John Clark has been around cars all his life. At 73 years old, he may not be interested in driving too fast with the kinds of vehicles he restores, but he has no interest in slowing down his work in his garage in Cedar Creek, Texas.
“Rust isn’t as big a problem down here,” he says. “I grew up in western Pennsylvania. I always worked on these old cars. I remember, every time I went to turn a bolt, it broke. I just fix them for myself now. I’m semi-retired. You don’t make any money fixing these up, by the time you got all the hours in and the parts prices. You never get it back.”
When John got back from Vietnam, he went to work traveling around Texas selling automotive machinery.
“Back in the 1970s, I sold frame machines to body shops and dealerships,” John says. “These great big drive-on frame machines for straightening collision damage. And, you could get in there and talk to the secretary, and if you seemed above board and on the level, the owner who might be 60 or 70 years old, an old man, would call you into his office. There would be a plush leather chair and a big fancy wooden desk, and you would sit down and talk to him. And you could sell him a $30,000 or $40,000 drive-on frame machine. Now, no way. You can’t even get in the front office. Houston was a prime example back then. They were so positive. I could load up a drive-on machine and head to Houston and have it sold that week. The dealerships down there would ask, ‘Well, what can it do, and what kind of money can it make me?’ All these other places, their first question would be, ‘Well, how much is it? $30,000? Forget it, we are not interested.’ One old guy said, ‘Son, I don’t have $30,000 of equipment in this whole building.’ Sometimes I sold them, sometimes I didn’t, but you could get in the door back then. That all changed with computers. Now, it’s all about instant gratification. It’s just black and white now, in or out. You can’t just talk to an owner anymore and convince him how your product will help his company.”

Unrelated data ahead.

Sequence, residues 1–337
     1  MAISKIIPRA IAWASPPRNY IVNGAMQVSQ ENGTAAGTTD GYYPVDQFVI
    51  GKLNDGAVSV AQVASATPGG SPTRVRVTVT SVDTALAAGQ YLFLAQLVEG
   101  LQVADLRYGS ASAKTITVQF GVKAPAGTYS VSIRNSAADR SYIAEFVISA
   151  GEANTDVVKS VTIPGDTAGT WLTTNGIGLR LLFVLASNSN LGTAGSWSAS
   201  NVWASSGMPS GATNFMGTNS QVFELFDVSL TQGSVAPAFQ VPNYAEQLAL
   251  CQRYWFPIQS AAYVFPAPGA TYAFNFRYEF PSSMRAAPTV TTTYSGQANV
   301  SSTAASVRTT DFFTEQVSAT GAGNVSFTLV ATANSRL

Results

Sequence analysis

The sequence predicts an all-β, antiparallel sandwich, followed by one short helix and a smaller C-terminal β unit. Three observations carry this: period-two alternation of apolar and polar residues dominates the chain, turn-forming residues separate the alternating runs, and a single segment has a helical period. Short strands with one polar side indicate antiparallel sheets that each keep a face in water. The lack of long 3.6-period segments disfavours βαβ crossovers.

These days, John enjoys fixing cars and trucks that spark an emotional memory for him. He is currently working on a 1950 Plymouth Special Deluxe.
“This car has 28,000 original miles,” John says of his cream-colored Plymouth. “It was in one family for all these years, and their grandson took it apart to restore it and couldn’t put it back together, so I bought it from them. It’s a 1950. I will put it back together. I got it two years ago, and now I am just accumulating the parts. That’s what that other 1950 is for. It was for sale about 60 miles from here. The boy’s parents had it in their garage, and his mother says, ‘It’s been in the garage for 25 years. I wanna use my garage again.’ So, he sold it to me.”
John picked up a matching 1950 Plymouth Special Deluxe, in far worse condition, to use for the parts on his restoration project.